The key active ingredient in zinc sunscreen is zinc oxide. Zinc oxide is a naturally-occuring mineral found in the environment. In its natural state, it is a white powder that does not readily dissolve in water.
Zinc oxide possesses soothing and protective properties, which is why it has been used as a key ingredient in a wide range of skin care products for decades. You may well be familiar with one of its most common uses – zinc oxide is often used as a key ingredient in ointments and lotions that help to prevent nappy rash. It works by forming a physical barrier over the skin to help prevent irritation, allowing damaged skin to heal.
Another important property of zinc oxide is its ability to act as an effective filter for ultraviolet (UV) radiation – leading to its widespread use as a key active ingredient in sunscreen.
To understand exactly how zinc oxide sunscreen works, let’s take a minute to review UV radiation and how it can affect our skin.
Radiation emitted from the sun occurs across a spectrum of light that includes infrared, visible light, and UV light. UV radiation is not visible to the naked eye and occurs at wavelengths measuring 200 to 400 nanometers (nm). The UV spectrum is divided into UVB radiation (290–320 nm) and UVA radiation (320–400 nm), with UVA radiation further categorised as UVA1 (340–400 nm) and UVA2 (320–340 nm).
When UV radiation reaches unprotected and exposed skin, it can cause damage to the cells in our skin. This damage results in visible effects such as sunburn as well as less obvious effects to the deeper skin cells that can lead to wrinkles and other signs of aging, and can increase our risk for developing skin cancer.
In sunscreen, zinc oxide acts as a filter for UV radiation. It works by forming a protective physical barrier on the surface of the skin, reflecting and scattering UV radiation. Zinc oxide can also protect the skin by absorbing some UV radiation.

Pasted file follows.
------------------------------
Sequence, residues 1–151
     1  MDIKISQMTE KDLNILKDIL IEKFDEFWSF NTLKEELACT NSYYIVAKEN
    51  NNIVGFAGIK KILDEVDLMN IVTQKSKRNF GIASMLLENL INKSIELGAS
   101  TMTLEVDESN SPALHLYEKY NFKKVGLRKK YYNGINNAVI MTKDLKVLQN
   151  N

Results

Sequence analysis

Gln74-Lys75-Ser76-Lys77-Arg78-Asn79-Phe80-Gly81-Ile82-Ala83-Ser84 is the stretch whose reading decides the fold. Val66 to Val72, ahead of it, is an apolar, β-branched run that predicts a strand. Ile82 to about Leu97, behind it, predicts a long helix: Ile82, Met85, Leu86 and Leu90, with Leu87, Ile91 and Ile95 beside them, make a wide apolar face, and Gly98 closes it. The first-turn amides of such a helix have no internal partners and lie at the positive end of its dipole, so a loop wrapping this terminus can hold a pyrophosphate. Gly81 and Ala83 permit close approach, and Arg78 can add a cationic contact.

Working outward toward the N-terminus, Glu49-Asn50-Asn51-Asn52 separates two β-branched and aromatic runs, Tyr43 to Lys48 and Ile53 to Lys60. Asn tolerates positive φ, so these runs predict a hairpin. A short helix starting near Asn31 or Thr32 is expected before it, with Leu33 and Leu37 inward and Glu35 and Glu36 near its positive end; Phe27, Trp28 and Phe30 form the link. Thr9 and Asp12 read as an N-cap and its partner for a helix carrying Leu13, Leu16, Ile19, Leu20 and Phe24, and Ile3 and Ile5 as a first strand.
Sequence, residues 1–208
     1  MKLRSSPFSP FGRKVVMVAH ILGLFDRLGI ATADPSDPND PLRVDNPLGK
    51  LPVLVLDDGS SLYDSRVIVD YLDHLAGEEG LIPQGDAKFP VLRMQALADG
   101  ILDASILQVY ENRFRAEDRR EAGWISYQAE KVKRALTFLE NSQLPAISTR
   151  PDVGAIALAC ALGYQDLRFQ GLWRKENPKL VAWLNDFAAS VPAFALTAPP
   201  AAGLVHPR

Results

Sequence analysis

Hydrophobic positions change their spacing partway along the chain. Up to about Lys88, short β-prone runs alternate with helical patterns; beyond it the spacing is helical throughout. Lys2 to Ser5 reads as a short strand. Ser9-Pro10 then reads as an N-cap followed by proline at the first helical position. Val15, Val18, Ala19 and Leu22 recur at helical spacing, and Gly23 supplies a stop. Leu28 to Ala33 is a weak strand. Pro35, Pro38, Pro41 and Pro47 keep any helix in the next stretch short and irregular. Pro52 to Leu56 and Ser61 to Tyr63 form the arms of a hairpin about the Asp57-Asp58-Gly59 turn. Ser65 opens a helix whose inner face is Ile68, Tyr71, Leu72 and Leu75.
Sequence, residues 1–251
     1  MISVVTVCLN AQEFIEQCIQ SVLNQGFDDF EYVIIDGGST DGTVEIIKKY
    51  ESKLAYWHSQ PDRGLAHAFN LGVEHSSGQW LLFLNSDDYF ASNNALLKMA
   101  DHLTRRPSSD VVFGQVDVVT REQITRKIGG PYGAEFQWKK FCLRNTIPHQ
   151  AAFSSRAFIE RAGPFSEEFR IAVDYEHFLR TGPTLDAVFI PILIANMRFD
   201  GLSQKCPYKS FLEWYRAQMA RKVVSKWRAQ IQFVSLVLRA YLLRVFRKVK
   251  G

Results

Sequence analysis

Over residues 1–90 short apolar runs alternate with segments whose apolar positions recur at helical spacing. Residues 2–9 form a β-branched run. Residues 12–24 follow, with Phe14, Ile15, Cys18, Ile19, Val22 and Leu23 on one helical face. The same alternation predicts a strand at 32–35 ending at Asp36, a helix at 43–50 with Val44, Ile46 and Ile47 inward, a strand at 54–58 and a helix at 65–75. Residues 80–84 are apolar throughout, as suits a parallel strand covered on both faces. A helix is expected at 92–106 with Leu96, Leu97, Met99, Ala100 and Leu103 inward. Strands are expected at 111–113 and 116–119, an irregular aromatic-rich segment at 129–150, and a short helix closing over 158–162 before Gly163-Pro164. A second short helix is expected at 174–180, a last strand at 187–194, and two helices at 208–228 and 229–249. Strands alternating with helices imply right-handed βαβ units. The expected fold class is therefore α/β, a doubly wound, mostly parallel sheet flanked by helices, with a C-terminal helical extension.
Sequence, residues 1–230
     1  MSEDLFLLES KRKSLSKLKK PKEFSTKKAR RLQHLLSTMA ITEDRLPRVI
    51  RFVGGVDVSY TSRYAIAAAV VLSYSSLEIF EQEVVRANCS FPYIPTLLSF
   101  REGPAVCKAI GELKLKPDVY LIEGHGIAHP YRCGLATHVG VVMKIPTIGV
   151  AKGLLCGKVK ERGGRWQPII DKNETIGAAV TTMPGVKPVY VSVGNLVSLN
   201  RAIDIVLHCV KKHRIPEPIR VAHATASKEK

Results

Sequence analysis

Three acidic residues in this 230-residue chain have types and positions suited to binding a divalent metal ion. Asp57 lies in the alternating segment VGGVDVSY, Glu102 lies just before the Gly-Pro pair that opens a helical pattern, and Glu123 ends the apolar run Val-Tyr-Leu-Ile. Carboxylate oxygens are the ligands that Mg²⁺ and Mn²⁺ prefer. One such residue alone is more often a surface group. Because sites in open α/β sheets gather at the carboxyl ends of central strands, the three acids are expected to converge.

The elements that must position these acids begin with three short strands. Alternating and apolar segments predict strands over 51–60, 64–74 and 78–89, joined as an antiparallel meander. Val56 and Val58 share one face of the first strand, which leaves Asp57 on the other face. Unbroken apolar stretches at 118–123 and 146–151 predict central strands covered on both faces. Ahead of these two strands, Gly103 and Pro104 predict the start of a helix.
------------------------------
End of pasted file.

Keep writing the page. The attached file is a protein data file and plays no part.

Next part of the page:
In New Zealand, all sunscreens must meet certain standards and so are effective for protecting your skin when used correctly. But what makes zinc oxide sunscreen special?
Firstly, because zinc-based sunscreen contains a mineral-based physical UV filter rather than a chemical UV filter, it is less likely to penetrate through the outermost layer of your skin (called the stratum corneum) and reach the living cells in the skin’s epidermis. This makes zinc sunscreen suitable for use on even sensitive or dry skin, because there is minimal risk of the zinc oxide being absorbed or causing irritation.
Like most sunscreens available in New Zealand, zinc sunscreen offers broad spectrum coverage – this means it protects against both UVB and UVA radiation. However, zinc oxide is the only mineral UV filter that offers coverage for UVA1 radiation in addition to UVA2 and UVB. Most chemical UV filters also lack this UVA1 coverage and are often used in combinations with another chemical UV filter or even a physical UV filter to gain broad spectrum coverage.
Broad spectrum coverage is essential because UVB and UVA radiation cause damage in different ways. UVB radiation is the culprit that causes sunburn, directly damaging the cells at the surface of your skin. UVA radiation penetrates into the deeper layers of your skin, causing damage to cells that results in signs of aging such as wrinkles. UVA1 radiation has recently been identified as a key player in this aging process. Importantly, short-term and long-term exposure to both UVB and UVA radiation are associated with the development of skin cancers.
When it comes to choosing a zinc sunscreen, INVISIBLE ZINC has you covered, literally. INVISIBLE ZINC products use micronised zinc oxide – smaller particles of zinc oxide that offer the same great broad spectrum UV protection without the thick white look we remember from our childhoods. INVISIBLE ZINC contains just the single mineral-based physical UV filter to offer broad spectrum coverage without the need for added chemical UV filters. From everyday wear to active water-resistant sunscreen options, INVISIBLE ZINC has a product to suit all your needs.
Like all sunscreens, you should apply a generous amount of zinc oxide sunscreen to all areas of exposed skin 20 minutes before you plan to go out and about. Remember to reapply zinc sunscreen regularly – at least every 2 hours or after you go swimming, sweat a lot, or dry off with a towel.
In sunscreen, zinc oxide blocks UV radiation from reaching the surface of your skin. It protects the skin by forming a physical barrier that reflects and scatters UV radiation.
When used correctly, sunscreen containing zinc oxide offers effective broad spectrum coverage to protect your skin against damage from UVA1, UVA2, and UVB radiation.